Gina here, feeling compelled to write a blurb in this blog! Those of you who have read my other posts will not be surprised at this – to newer readers; Sit down, relax, and HANG ON!
I would like to talk about Deana’s decision to adopt a child (or two) from Russia – but in a more general sense this post relates to God’s power, hope in Christ, and judging “for the good” or to be “biblically correct”.
It has been made know – not directly, of course! – that, as a single woman, Deana is in violation of scripture in her plans to adopt a child. She is “robbing” these poor Russian children from the chance of having a “real” family – a mother AND father, as the Bible commands. I searched the Holy Scriptures and could not isolate one verse that rebukes Deana. I DID find the following, however:
James 1:26-27: “If anyone considers himself religious and yet does not keep a tight rein on his tongue, he deceives himself and his religion is worthless. Religion that God our Father accepts as pure and faultless is this: to look after orphans and widows in their distress and to keep oneself from being polluted by the world.” (emphasis Gina)
Psalm 68:6: “God sets the solitary in families; He brings out those who are bound into prosperity; But the rebellious dwell in a dry land.” (it says families, but doesn’t define them as all having mothers and fathers…..)
Esther 2:7: “And Mordecai had brought up Hadassah, that is, Esther, his uncle’s daughter, for she had neither father nor mother. The young woman was lovely and beautiful. When her father and mother died, Mordecai took her as his own daughter.” (No mention of Mordecai’s wife….)
2 Tim 1:5: “when I call to remembrance the genuine faith that is in you, which dwelt first in your grandmother Lois and your mother Eunice, and I am persuaded is in you also.” (Timothy’s father was not a part of his life and yet, Timothy was blessed by Lois and Eunice and used mightily by God)
If you are reading this and you agree that Deana is in violation to scripture, please email me at firstname.lastname@example.org and send me the scriptures you believe explain this.
I am not suggesting (nor do I believe it is Deana’s stance) that having a mother AND father is not an ideal situation. But, I acknowledge we are in a fallen world with myriad situations that are not ideal. I, for one, would never have expected to be a single Mom due to divorce – but my children are thriving by the Grace of God. For is says in the Bible, Romans 8:28: “And we know that in all things God works for the good of those who love him, who have been called according to his purpose.”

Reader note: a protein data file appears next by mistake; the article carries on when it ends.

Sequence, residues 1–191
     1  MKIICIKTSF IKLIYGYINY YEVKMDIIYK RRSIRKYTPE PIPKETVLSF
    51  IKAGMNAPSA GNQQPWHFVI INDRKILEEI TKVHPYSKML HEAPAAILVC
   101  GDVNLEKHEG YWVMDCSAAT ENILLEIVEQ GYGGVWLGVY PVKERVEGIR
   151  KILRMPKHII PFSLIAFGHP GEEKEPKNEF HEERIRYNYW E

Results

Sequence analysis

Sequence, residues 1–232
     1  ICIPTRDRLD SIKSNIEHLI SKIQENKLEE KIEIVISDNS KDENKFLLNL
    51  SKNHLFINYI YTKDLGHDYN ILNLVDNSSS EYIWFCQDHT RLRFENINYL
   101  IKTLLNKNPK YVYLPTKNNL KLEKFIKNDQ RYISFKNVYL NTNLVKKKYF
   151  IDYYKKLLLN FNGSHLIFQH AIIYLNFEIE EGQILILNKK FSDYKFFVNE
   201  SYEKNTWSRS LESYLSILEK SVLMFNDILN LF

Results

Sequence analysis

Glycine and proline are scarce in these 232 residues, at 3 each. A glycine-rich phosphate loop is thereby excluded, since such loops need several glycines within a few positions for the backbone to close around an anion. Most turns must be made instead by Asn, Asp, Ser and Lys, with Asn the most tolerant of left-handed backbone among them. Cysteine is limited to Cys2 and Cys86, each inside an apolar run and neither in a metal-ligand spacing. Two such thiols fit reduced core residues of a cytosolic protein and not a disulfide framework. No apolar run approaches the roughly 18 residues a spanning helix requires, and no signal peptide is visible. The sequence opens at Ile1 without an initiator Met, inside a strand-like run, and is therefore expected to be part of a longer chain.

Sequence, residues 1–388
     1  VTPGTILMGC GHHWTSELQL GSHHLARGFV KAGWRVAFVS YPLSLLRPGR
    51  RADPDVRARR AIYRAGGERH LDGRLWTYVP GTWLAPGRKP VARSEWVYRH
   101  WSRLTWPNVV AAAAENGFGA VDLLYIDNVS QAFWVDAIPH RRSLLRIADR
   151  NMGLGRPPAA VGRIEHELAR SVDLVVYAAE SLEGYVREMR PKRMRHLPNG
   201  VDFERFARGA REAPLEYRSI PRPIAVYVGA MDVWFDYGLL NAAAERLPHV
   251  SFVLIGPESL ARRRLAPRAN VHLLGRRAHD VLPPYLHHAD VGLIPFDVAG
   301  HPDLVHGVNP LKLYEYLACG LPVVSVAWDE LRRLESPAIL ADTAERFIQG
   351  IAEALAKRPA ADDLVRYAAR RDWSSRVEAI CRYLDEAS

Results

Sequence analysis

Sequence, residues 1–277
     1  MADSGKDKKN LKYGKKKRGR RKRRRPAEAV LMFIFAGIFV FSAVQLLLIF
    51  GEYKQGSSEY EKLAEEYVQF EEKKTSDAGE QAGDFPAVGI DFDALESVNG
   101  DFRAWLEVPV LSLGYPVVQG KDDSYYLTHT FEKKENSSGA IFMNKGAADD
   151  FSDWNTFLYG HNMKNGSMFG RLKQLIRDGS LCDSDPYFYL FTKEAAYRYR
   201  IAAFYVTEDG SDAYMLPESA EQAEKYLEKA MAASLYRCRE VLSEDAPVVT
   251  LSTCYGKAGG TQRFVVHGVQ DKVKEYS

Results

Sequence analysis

In the mean time, I would like to post some facts that shed some light to Deana’s decision!
As posted on Ascent Russian Orphan Aid Foundation (translated from Ministry of Education of Russian Federation, as of the year 2000, there were over 700,000 orphans in Russia. Of those leaving the orphanages (often at the young age of 13 to 15):
50% fall into the high risk category
40% become drug users
40% commit crimes to survive
10% commit suicide
In 2002, of the hundreds of thousand orphans in Russia, only 4,939 were brought to the United States via adoption as taken from the U.S. Department of State. That represents less than 1% and only ONE COUNTRY that has a huge orphanage problem!
Further, the culture in Russia is very complicated – much too difficult for me to describe here in detail. I am extrapolating information from an excellent article, Street Children in the Former Soviet Union.
· The culture of Russia is that the State can provide for the children. Page 11 states, “ The institutional systems inherited by the Republics of the Soviet Union after 1990 were thoroughly a product of the previous seventy years and were caught in the same web of problems. Staff and administrators of orphanages, children’s prisons and children’s homes faced political decentralization, cuts in funding and a rising number of children needing care. While numbers of children living in institutions fell in Azerbaijan and Georgia after 1990, they rose dramatically in almost every other country – especially Estonia where 0-3 year olds in institutions surged by 115 percent. These rising numbers speak to the increased pressures on families and the still widely held belief that the state was able to care for unwanted children.”
· There is a culture of abuse in institutionalized care for children in Russia. Page 11-12 states, “While the institutionalization of so many children was problem enough, abuse was endemic to the system. Human Rights Watch published a full report in 1998 on Russian orphanages that highlights many of the problems that continue to plague institutions in the FSU [Former Soviet Union]. Excerpts are provided here, but the full report can be downloaded at: htt://www.hrw.org/reports98/russ2:
o Teenaged orphans in Moscow and St. Petersburg interviewed by Human Rights Watch reported several categories of abuse they had suffered or witnessed. They said that children with no parents are treated more harshly than those whose parents are in touch with them. Punishment by the director and staff may involve physical assault, verbal abuse, public humiliation (for example forcing children to strip in front of peers), isolation in unheated rooms in winter, or standing naked in front of an open window in winter. Runaways from the orphanage are often regarded as abnormal and sent to psychiatric hospitals.”
o “At the heart of the systematic abuse and neglect suffered by orphans in Russia lies a deep tradition of ignorance and fear. Time and again people told us, repeating like a mantra, how the Soviet ideology promoted the quest for the perfect Soviet man. As Dr. Severny explained, ‘All children and everyone had to meet the standard, and if they did not meet the standard, they had to be kept apart and hidden from the rest.’ Children with disabilities were not seen in public, and the myths associated with them flourished.”